The late October offsite meeting for more than 120 of Yahoo’s top executives at the Park Central Hotel in San Francisco started well enough. The first day jumped from strategy sessions to upcoming product discussions. But on day two, when the topic shifted to employee engagement, and with CEO Marissa Mayer in and out of the room, things went downhill fast. When Bryan Power, Yahoo’s head of HR, glossed over results from a recent employee survey that showed dramatic double-digit drops in metrics like morale and trust in the company’s executive leadership, various vice presidents began venting to one another. Those murmurs of discontent erupted into outright heckling when another session—billed as an opportunity to improve communication—turned into a lecture from Yahoo’s top brass that many found patronising. Vice presidents started calling out their superiors for “not listening”, “not understanding” and “not being interested in changing.” Some cursed.
“It was the most stressful and acrimonious professional meeting I’ve ever attended,” says one participant.
Such is the state of affairs at Yahoo these days. More than three years after Mayer was brought in to turn things around, the original internet media giant is still failing at its core business and getting whipped by Google and Facebook and newer entrants such as Instagram, Snapchat and even the beleaguered Twitter. In the most recent quarter, its net revenue declined by 8 percent and search revenue, a priority of Mayer’s, declined by 13 percent. Overall traffic has continued to inch downward, and none of its new mobile apps has yielded new users or revenue on the scale Yahoo needs to offset the declines. The stock market has rendered its assessment: Yahoo, which has a market value of $31 billion, owns a $30 billion stake in Alibaba and a $8 billion stake in Yahoo Japan and has $5.5 billion in cash net of debt. While investors often apply discounts to the company’s Asian assets due to taxes and risks related to their eventual spinoff, in many models, Yahoo’s core busi- ness—with $4 billion in revenue and 10,700 employees—has an implied valuation of less than zero.
Mayer inherited a tough situation. The very idea of an internet portal—a Yahoo or an AOL—is a relic of a web era 15 years ago when advertisers were willing to pay dearly for a massive home page audience that could direct millions onto a plethora of services like mail, news, sports, finance, autos and search. That model doesn’t compute in the mobile era, where apps and social networks dominate.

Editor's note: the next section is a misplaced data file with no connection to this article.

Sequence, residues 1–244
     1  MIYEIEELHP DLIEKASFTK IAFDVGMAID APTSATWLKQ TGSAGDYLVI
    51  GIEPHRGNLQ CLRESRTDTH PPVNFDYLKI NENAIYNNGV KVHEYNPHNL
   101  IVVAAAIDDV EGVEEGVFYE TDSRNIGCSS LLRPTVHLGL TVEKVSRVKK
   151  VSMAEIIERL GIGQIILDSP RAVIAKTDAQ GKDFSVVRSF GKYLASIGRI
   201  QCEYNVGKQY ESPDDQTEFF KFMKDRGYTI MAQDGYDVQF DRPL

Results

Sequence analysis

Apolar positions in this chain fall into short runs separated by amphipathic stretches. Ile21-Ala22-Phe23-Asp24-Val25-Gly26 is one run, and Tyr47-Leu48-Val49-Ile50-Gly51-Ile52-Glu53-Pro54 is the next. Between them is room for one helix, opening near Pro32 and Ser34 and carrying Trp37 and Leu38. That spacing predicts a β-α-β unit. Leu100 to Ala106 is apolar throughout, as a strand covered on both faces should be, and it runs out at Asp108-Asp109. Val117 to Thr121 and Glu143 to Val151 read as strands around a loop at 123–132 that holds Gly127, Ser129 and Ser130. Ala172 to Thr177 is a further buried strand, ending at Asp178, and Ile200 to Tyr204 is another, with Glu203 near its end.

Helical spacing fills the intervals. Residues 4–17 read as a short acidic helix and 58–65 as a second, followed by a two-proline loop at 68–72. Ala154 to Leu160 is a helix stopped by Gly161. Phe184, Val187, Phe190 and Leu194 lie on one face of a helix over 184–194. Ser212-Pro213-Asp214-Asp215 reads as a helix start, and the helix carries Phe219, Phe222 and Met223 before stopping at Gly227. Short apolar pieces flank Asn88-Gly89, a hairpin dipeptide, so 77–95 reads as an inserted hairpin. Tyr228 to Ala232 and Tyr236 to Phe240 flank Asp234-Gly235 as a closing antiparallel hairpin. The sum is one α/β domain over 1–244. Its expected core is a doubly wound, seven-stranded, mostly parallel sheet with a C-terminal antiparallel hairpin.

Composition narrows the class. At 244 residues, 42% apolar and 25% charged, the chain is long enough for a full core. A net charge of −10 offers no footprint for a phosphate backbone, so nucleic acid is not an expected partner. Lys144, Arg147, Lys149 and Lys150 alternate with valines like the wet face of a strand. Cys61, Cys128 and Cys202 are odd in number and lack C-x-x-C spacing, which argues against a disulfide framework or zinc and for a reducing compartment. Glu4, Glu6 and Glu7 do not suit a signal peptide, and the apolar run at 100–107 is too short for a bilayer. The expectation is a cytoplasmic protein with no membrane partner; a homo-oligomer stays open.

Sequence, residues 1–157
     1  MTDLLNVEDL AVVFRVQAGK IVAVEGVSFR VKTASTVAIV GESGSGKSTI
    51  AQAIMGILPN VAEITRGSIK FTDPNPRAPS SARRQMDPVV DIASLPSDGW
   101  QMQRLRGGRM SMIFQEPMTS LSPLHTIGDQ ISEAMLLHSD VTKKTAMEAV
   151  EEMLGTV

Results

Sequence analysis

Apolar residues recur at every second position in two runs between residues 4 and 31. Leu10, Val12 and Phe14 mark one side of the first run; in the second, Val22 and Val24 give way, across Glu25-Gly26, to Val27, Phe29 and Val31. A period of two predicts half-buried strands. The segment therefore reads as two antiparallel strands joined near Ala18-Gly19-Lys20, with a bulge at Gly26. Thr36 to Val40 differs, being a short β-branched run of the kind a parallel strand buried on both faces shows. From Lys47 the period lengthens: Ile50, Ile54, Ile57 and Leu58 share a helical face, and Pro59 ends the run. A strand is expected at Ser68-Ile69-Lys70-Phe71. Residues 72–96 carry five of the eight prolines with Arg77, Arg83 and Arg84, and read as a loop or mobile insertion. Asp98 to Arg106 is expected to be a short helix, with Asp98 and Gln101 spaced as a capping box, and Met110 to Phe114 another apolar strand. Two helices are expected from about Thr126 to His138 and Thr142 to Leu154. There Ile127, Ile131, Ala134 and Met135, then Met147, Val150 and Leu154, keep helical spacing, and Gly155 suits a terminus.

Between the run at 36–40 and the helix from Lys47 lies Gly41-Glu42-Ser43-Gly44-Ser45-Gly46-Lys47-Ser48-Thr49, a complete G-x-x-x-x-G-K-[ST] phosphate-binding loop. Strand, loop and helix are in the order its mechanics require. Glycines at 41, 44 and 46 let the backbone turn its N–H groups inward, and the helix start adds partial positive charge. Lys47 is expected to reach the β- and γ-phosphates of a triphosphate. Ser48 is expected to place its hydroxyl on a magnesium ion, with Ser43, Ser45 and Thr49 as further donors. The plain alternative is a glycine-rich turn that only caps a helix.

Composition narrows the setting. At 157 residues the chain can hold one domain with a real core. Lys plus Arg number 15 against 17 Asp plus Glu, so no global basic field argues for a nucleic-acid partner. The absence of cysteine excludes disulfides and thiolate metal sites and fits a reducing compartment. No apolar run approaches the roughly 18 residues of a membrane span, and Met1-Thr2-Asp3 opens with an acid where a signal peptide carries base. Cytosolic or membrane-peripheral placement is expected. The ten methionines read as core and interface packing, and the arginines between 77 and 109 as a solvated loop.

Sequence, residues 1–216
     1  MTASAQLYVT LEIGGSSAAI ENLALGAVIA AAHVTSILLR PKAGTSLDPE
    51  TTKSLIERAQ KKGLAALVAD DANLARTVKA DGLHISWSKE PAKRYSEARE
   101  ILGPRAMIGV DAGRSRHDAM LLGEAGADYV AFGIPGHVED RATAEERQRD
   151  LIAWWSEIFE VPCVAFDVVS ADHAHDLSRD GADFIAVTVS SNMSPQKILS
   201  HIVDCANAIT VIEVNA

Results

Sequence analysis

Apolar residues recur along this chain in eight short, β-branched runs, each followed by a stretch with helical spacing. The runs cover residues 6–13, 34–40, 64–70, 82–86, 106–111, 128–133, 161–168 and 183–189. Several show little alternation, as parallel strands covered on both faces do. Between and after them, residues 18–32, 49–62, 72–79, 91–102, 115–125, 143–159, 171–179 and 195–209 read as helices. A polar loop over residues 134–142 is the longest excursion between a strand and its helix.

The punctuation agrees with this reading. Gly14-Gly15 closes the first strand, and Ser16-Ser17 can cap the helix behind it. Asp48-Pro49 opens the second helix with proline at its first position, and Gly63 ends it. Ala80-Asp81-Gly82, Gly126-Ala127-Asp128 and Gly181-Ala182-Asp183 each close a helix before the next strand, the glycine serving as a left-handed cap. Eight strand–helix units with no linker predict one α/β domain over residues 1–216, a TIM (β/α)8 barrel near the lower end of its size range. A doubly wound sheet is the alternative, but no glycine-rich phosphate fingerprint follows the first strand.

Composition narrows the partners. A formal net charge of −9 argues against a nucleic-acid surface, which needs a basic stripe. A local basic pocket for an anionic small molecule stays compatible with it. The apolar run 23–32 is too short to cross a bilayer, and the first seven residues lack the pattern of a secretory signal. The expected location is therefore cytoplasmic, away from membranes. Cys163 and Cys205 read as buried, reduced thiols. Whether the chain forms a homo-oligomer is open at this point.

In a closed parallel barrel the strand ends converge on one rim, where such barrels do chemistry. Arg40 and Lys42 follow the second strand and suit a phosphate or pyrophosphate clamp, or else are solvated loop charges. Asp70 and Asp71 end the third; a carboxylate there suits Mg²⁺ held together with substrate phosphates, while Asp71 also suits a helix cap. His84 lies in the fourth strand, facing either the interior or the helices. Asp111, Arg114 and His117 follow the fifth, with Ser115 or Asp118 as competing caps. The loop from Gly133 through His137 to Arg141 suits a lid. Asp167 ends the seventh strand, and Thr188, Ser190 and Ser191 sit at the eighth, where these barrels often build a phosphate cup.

But Mayer, a star at Google, was supposed to be smart enough to figure a way out. The knives are now unsheathed. Forbes spoke with more than a dozen current and former executives who requested anonymity to discuss confidential matters, and most say a confused strategy and mismanagement, specifically from Mayer, has undermined any attempts at a turnaround. Yes, she originally brought hope, a badly needed focus on products and a keen understanding of technology. But as pressure to deliver results has mounted, there’s widespread belief, as reflected in that employee survey, that she’s no longer up to the task. The past few months have seen a mass exodus, as Mayer lost her chief accounting officer, chief marketing officer, chief development officer, a string of senior vice presidents and an alarming number of vice presidents from across the company in product, engineering, sales and human resources, with more defections to come. Some former executives Forbes spoke with jumped to gigs they saw as more promising, but several said they left out of exasperation with Mayer. “I am so frustrated and upset that so many people’s hard work is just getting destroyed,” says one recent defector.
Mayer, through a spokesperson, refused to speak for this story. Yahoo declined to comment. At a business conference in San Francisco this month, she admitted that there was “more to do” as part of her turnaround but said, “One of the things I’m really proud of is that we have built a future” for Yahoo. Two weeks earlier, she told Wall Street analysts during an earnings call that Yahoo has “the right talent, the right strategy and the right assets to deliver long-term sustainable growth for our investors.” Addressing the defections, she said: “The design and changes in Yahoo’s leadership team are the result of careful planning to achieve the necessary skills, passion and ability to execute growth in our business. Our leadership team today is unequivocally the strongest during my tenure.”
The executives Forbes spoke with dispute that the resignations had much at all to do with “careful planning”. And some increasingly wonder how long it will be before Mayer joins the ranks of ex-Yahoos.